22 June 2020

1) Oil has passed$40 a barrel, continuing a slow but steady recovery. This could be signaling a reawakening of the U.S. shale oil production. This rally allows the oil industry some breathing room with its high debt burden as the shale oil industry seeks to rebuild after the worst price collapse in a generation. This is far different than earlier this year when oil producers were paying to have their oil taken away. OPEC+ continues efforts to re-balance the global oil market, now abundantly clear that everyone loses in a price war.

2) More encouraging economic news with Ford Motor and Fiat Chrysler returning to pre-coronavirus pandemic production schedules in their American plants. Ford plans to fully return to production levels by July 6 while also ramping up their production facilities in Mexico. Although not given any firm dates, Fiat Chrysler is also returning to former production levels as rapidly as possible.

3) Experts are predicting the restaurant business, as we know it, is coming to an end because of the Convid-19 crisis. The industry generates $900 billion dollars a year, employs 15 million people, which is 15 times more than the airline business, which many are so concerned about now. Estimates vary widely of 20 to 80% of the privately own restaurants succumbing to the pandemic. The big franchise restaurant chains are expected to mostly survive and continue, but the independents are expected to fade out. One factor is change, which is coming too fast for small operations to adapt and keep pace with. The general consensus is that the business was in trouble long before the pandemic, struggling with poor working conditions, very thin profit margins, low wages and increasing competition. But it’s not just the restaurants themselves, for behind them is farming, distribution, suppliers and commercial real estate. It’s apparent that the demise of a significant number of independent restaurants will spell a significant change to the American business environment.

4) Stock market closings for – 19 JUN 20:

Dow 25,871.46 down 208.64
Nasdaq 9,946.12 up 3.07
S&P 500 3,097.74 down 17.60

10 Year Yield: unchanged 0.70%

Oil: up at $39.43

17 April 2020

1) The troubles of the shale oil industry, and their decline, are well known, but another much less know part of these economic troubles is the multitude of suppliers who no longer have someone to sell to. Drilling and producing shale oil is an intensive industrial operation requiring a mired of mechanical and chemical supplies consumed in the operation, and there are a large number of suppliers for these items who depend on the oil industry for their business. With the low oil prices, shale oil companies have been forced to abandon drilling. Since the start of 2019, the oilfield service sector has lost almost 50,000 jobs, with the near future forecast to be even worst. As the oil companies file for bankruptcy, large oil service providers such as Schlumberger, Halliburton and Baker Hughes are left being owed millions of dollars with little hope of recovering those debts.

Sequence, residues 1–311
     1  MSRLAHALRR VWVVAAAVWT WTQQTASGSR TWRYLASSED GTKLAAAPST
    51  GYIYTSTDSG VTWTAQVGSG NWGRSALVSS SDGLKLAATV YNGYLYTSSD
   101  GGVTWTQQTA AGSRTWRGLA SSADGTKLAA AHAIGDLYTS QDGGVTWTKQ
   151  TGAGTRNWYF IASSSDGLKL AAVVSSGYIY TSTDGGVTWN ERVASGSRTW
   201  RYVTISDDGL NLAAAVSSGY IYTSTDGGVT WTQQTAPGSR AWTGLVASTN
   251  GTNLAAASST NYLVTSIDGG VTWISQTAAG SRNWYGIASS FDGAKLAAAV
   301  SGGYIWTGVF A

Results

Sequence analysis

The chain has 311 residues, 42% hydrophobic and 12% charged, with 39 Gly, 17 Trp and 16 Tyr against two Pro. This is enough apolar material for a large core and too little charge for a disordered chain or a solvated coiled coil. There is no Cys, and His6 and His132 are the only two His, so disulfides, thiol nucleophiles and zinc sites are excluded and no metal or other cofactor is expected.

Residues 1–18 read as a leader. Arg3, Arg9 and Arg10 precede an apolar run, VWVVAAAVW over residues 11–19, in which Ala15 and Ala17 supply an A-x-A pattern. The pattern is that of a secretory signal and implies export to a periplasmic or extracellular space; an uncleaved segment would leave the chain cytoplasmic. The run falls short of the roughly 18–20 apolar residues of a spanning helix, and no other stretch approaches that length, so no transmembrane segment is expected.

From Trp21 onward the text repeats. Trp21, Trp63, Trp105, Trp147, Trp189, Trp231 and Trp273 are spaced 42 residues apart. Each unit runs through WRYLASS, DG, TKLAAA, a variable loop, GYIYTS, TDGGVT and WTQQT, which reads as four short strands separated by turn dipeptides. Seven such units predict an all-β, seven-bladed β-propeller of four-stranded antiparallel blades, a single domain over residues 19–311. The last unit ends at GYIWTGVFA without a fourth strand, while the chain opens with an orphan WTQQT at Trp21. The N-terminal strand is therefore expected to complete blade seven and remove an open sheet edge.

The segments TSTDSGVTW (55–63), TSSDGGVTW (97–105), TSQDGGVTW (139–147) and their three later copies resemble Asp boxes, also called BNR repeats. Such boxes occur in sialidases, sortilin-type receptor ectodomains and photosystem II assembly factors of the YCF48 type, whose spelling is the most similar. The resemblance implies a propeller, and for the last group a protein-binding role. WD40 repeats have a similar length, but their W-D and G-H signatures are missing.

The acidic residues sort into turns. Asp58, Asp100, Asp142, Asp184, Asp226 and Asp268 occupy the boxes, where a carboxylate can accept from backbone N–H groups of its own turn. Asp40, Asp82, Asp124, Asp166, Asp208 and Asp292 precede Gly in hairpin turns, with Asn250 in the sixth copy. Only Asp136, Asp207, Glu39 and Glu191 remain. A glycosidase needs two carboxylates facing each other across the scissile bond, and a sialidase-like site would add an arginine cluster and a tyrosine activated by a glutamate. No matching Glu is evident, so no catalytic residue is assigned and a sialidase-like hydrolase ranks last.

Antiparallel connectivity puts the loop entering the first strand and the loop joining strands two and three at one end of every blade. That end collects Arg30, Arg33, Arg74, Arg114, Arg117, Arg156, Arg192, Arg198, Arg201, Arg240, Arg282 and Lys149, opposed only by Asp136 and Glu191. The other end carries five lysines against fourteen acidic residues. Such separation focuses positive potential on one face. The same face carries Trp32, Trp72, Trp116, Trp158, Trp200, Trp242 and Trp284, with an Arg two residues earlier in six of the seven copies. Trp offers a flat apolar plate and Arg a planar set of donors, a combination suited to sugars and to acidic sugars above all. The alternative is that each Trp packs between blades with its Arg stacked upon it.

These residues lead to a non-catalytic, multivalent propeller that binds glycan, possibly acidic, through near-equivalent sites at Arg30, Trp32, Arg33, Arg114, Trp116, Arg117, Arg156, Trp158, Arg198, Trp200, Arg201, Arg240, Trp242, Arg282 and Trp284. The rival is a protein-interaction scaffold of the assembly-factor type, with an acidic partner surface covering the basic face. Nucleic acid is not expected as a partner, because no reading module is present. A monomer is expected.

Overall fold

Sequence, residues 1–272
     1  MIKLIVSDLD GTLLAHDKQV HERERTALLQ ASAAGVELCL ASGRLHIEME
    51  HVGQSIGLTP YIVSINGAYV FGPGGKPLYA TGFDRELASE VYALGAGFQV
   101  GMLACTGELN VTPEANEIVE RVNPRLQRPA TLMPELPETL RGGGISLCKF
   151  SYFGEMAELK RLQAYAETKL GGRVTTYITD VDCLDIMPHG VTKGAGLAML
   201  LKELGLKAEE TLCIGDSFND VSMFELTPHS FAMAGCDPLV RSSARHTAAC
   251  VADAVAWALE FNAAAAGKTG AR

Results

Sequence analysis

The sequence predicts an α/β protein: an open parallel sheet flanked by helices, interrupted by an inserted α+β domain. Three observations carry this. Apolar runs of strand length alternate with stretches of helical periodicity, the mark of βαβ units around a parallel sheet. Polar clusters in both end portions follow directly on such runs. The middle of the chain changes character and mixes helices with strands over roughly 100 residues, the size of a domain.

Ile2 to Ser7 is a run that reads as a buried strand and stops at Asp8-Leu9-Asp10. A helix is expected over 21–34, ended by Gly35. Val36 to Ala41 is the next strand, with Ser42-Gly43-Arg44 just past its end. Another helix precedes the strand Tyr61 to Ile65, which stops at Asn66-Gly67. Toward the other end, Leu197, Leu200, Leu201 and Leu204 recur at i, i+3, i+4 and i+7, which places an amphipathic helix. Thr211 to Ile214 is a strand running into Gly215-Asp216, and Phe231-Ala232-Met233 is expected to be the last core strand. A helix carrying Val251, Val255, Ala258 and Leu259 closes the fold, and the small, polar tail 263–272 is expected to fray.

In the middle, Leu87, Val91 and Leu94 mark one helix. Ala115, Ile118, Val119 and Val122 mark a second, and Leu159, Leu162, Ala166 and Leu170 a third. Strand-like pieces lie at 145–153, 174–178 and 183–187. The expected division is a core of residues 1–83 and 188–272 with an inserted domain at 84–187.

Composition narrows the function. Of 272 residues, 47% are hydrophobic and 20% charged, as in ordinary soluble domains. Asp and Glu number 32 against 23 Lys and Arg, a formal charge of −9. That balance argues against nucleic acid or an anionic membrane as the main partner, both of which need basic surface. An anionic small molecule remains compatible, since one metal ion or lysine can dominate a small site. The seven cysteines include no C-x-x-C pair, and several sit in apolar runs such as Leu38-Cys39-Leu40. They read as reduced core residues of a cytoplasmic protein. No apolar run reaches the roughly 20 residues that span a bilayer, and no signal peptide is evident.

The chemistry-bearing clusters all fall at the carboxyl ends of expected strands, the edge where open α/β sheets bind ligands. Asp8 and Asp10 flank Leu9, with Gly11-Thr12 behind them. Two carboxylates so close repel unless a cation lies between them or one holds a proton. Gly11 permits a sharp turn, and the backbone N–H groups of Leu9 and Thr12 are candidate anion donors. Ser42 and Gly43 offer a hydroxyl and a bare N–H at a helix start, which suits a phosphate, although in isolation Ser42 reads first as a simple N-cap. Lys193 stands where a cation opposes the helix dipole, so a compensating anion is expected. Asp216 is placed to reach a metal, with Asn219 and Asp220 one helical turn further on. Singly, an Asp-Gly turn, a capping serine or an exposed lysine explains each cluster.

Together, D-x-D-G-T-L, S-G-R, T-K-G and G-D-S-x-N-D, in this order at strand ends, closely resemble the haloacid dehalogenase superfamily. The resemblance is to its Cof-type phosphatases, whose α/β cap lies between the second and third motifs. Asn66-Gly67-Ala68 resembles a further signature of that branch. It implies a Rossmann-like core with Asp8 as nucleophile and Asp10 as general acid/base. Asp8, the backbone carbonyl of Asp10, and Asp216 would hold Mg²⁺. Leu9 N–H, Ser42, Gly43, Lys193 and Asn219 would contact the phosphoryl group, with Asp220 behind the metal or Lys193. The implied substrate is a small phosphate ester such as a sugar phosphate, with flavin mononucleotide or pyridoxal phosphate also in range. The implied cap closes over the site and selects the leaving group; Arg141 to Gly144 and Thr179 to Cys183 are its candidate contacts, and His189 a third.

2) The method of calculating the percentage of unemployment rate may not be an accurate indicator of the present calamity which has struck the American job market because only those looking for work are counted in the calculation. Many of the recent 20 million unemployed are not looking for work, rather they are waiting for their former jobs to return, and so they are not being counted as unemployed in the often quoted percent unemployed number. A better indicator is the ‘employment to population’ ratio, which is the number of people working to the total population. This ratio had been at about 60% in January, but has dropped to 52% in April. But by any measure, the unemployment is a serious problem, that promises to get worst as the recession continues and automation makes inroads in replacing jobs with machines.

3) The large retailers, who were already in trouble before the coronavirus, are now being ravaged by the shutdown with many looking at bankruptcy. Big names such as J.C. Penny, Neiman Marcus and Macy’s have little to no revenues, yet still have their fix cost of operations such as loan debt, rents, utilities and taxes which still must be paid yet sales for department stores have dropped 24% with the sales for clothes down 51%. Their survival is dependent on how much cash reserve they have and when their largest loans mature and must be paid in full. This may herald a major change to the retailing business of America.

4) Stock market closings for – 16 APR 20:

Dow 23,537.68 up 33.33
Nasdaq 8,532.36 up 139.19
S&P 500 2,799.55 up 16.19

10 Year Yield: down at 0.61%

Oil: down at $19.75